Whole spermatangia within the seminal receptacles of female chokka squid (Loligo reynaudii d'Orbigny, 1839-1841)

Noriyosi Sato, Yoko Iwata, Paul Shaw, Warwick H. H. Sauer

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Abstract

So-called ‘dorsal vessels’ are poorly described network-like structures associated with the renopericardial system and located dorsally beneath the epidermis in different groups of heterobranch gastropods. So far, homology assumptions among the different ‘dorsal vessel systems’ have been hampered by a lack of comparative histological and ultrastructural data. In the present study, we provide the first detailed 3Dreconstruction of a sacoglossan ‘dorsal vessel system’, based on histological semithin sections combined with ultrastructural data. The renopericardial system of Elysia viridis comprises a monotocardial heart, surrounded by a sac-like pericardium that is connected with a ventrally situated kidney. Our histological data show that the ‘dorsal vessels’ connect to the atrium, rather than the pericardium as previously reported. The ‘dorsal vessels’ investigated herein entirely lack an endothelium and are thus more correctly termed ‘dorsal haemolymph sinuses’. With some exceptions, there is a conspicuous correlation between the ability of Sacoglossa to retain plastids from their algal prey and the presence of dorsal haemolymph sinuses. Thus, the latter might enhance circulation and form an internal recycling system that transports oxygen from the site of photosynthesis to the organs and carbon dioxide in the opposite direction. There are considerable structural and histological differences in the ‘dorsal vessels’ of Sacoglossa, Acochlidimorpha and likely Nudibranchia, probably reflecting independent developments to cope with different environmental stress factors and thus to adapt to various ecological niches. Further comparative microanatomical and ultrastructural (re)investigation of missing lineages are required for a better understanding of the variability of the renopericardial complex in heterobranch gastropods and of modifications of the circulatory system.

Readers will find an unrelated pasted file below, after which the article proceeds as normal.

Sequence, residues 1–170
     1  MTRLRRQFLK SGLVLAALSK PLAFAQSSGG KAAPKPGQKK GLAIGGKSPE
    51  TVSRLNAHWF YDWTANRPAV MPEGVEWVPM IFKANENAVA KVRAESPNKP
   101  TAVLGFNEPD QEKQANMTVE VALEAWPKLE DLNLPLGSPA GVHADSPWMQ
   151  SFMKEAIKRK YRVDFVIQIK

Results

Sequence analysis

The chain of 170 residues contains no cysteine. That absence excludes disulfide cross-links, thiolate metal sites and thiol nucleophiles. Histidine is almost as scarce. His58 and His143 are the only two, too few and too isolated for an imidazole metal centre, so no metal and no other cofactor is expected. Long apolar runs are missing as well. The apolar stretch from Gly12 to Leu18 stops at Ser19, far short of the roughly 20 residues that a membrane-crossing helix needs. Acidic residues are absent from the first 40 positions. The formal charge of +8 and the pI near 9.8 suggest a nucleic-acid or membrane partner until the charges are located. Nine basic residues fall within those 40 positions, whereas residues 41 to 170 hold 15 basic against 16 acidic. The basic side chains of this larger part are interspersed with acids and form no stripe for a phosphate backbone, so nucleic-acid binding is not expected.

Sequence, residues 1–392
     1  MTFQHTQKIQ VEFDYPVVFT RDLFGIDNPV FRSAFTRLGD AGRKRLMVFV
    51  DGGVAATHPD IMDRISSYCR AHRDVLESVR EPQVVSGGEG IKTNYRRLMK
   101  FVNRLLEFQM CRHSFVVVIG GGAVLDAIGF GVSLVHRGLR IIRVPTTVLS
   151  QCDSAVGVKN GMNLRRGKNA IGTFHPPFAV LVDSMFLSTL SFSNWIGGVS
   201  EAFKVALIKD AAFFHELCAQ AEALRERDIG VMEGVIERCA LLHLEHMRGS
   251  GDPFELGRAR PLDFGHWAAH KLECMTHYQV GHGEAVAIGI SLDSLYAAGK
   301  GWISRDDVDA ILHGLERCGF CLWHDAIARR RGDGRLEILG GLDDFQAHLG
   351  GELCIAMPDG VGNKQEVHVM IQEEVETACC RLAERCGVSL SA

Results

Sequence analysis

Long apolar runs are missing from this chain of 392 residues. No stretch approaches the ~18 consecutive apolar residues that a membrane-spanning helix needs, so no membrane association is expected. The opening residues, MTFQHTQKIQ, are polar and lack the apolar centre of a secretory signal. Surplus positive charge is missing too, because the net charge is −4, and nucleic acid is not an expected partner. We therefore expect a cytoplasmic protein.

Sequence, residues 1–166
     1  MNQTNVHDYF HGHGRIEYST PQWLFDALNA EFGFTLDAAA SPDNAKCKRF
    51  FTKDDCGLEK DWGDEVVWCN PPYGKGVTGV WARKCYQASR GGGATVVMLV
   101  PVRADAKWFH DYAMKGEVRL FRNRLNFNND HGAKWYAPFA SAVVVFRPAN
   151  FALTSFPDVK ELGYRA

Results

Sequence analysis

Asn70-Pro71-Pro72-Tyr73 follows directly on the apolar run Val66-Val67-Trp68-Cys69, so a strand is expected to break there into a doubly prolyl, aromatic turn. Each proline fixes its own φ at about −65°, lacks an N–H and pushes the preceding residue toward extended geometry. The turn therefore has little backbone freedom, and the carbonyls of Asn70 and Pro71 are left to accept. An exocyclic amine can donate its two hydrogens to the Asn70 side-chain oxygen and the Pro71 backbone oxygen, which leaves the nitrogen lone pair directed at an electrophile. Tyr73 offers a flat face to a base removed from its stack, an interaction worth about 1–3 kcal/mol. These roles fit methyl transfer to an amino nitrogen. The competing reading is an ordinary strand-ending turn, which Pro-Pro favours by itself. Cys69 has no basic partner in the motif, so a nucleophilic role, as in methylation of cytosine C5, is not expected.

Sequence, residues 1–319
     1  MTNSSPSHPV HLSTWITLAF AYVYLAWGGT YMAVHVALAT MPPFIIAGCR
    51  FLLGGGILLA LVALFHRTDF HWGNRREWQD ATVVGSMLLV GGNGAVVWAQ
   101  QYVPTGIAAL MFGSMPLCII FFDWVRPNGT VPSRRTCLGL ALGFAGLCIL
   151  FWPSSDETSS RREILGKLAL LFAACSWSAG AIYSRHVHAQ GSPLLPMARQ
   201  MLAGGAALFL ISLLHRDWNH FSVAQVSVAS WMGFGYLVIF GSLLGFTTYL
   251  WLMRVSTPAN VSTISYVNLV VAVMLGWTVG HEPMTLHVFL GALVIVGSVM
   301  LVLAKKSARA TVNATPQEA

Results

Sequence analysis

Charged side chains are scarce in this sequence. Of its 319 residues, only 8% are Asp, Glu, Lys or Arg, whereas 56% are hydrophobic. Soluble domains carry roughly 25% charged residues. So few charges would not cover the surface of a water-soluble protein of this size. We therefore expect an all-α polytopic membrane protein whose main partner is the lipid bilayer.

Original languageEnglish
Pages (from-to)172-176
Number of pages5
JournalJournal of Molluscan Studies
Volume85
Issue number1
Early online date21 Dec 2018
DOIs
Publication statusPublished - 01 Feb 2019

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